The apparatus according to FIG. 1 comprises a reactor 10 with an outside wall 11, which can be formed in the shape of a hollow or tube-shaped cylinder, and is preferably cooled, for example by a water cooling system. The outside wall 11 of the reactor 10 can particularly consist of quartz glass. A lid 12 is set onto the outside wall 11 at one face, which can be, for example, flanged on. Suszeptor 6 is arranged in the interior 33 of the reactor 10, which is enclosed by the outside wall 11. The suszeptor 6 can be formed in the shape of a hollow cylinder and is heated by a high-frequency field generated by a high-frequency coil 7 (induction heating). A preferred material for the suszeptor 6 is graphite. The suszeptor 6 is preferably thermally insulated from the outside wall 11 by means of heat insulation 8, which can be formed, for example, of a graphite foam. Inside the suszeptor 6, a substrate holder 5, which carries a substrate 4, is arranged. The substrate holder 5 consists, for example, of graphite. Substrate 4 is a substrate suitable for a CVD process for SiC, such as a silicon substrate (at temperatures up to approximately 1400° C.), a tantalum carbide (TaC) substrate, or a SiC substrate.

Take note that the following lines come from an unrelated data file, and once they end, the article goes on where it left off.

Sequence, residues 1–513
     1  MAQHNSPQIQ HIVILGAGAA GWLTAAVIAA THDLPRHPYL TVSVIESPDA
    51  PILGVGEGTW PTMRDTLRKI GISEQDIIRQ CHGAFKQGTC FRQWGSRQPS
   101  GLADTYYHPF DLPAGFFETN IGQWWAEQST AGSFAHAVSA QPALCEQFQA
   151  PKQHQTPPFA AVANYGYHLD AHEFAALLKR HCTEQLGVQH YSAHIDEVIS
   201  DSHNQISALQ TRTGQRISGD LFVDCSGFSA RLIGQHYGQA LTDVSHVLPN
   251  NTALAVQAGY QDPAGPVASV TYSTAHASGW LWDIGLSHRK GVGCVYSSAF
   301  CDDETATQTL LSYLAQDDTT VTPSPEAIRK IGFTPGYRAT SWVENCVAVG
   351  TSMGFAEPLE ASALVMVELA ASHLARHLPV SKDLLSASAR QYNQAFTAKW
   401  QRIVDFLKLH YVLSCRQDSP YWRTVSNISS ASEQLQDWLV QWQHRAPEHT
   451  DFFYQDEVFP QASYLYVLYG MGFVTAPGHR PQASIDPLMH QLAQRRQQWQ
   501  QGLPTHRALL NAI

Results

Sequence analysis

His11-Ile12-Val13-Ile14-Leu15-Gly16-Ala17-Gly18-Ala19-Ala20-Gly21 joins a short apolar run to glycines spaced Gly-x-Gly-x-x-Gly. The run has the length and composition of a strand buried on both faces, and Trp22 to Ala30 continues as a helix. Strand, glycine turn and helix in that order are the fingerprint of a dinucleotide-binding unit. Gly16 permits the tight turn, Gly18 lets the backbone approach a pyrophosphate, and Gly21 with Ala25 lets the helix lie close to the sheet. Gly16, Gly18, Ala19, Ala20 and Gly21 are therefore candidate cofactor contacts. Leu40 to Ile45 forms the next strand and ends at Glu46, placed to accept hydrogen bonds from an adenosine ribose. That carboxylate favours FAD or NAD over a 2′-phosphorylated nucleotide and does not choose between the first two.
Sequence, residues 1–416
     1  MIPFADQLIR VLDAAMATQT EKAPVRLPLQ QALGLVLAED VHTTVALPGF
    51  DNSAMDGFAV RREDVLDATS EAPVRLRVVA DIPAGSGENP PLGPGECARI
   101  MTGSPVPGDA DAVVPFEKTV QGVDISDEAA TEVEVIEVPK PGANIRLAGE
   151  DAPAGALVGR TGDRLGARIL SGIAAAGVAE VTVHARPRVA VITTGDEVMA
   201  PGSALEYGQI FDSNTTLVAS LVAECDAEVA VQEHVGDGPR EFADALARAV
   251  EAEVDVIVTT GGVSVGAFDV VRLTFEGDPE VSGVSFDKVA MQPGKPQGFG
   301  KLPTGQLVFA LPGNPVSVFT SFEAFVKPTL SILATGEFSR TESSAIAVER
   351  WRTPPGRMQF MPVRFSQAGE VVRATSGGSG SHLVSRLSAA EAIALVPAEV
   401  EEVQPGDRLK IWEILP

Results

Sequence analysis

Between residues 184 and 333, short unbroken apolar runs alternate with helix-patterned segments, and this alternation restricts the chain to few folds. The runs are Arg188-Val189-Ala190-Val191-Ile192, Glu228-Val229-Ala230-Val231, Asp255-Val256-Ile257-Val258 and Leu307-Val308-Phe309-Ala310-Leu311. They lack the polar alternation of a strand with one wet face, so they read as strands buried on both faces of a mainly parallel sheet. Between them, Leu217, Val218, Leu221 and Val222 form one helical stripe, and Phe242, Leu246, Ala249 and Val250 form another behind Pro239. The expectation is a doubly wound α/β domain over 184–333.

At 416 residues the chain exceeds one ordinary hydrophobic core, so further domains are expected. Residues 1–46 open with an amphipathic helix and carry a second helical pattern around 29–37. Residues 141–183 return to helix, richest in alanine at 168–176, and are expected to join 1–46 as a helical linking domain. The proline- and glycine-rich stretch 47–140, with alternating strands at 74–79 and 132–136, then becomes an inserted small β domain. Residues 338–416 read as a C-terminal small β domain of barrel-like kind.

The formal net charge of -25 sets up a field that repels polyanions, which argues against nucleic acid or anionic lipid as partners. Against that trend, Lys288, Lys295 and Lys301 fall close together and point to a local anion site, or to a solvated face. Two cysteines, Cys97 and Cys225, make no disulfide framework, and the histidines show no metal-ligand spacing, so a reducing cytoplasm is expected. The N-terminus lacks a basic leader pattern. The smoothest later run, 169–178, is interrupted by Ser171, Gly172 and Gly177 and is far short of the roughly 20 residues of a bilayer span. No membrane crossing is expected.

A nozzle 20 is passed through the lid 12 of the reactor 10, in a central region, with an outlet 21 which opens into the interior 33 of the reactor 10 and faces the substrate 4. The dimensions of the outlet 21 of the nozzle 20 are preferably adapted to the dimensions of the substrate 4, in at least one direction. The distance between the outlet 21 of the nozzle 20 and the substrate 4 is generally between approximately 2 cm and approximately 50 cm. The nozzle 20 has process gases supplied to it, which are suitable for a CVD process for the production of silicon carbide (SiC), and particularly for the production of monocrystalline silicon carbide. These process gases comprise at least one working gas designated as SiZ (precursor, source), to provide silicon (Si), at least one working gas designated as CY, to provide carbon (C), at least one carrier gas, generally hydrogen (H2), and, if necessary, a doping gas D for the desired doping of the SiC. The gas mixture of these process gases flows through the outlet 21 of the nozzle 20 as a first gas stream 2, onto the substrate 4, in the heated interior of the suszeptor 6. In this connection, the flow velocity of the process gases is greater when it exits from the nozzle 20 than when it enters into the nozzle 20. When the first gas stream 2 hits the heated substrate 4, silicon carbide is deposited by means of chemical reactions resulting from the working gases, with the participation of the hydrogen carrier gas (CVD=chemical vapor deposition=chemical gas phase deposition) The structure of the silicon carbide which is deposited is particularly dependent on the material of the substrate 4 and the growth temperatures which prevail on the growth surface. At higher growth temperatures, particularly above approximately 800° C., the growing SiC is monocrystalline. At growth temperatures below approximately 800° C., however, the SiC growth is polycrystalline or amorphous. The growth temperatures can be adjusted by means of the energy of the high-frequency field of the high-frequency coil 7. The first gas stream 2 can hit the substrate 4 at a freely selectable angle between 0° and 90°, preferably about 90°.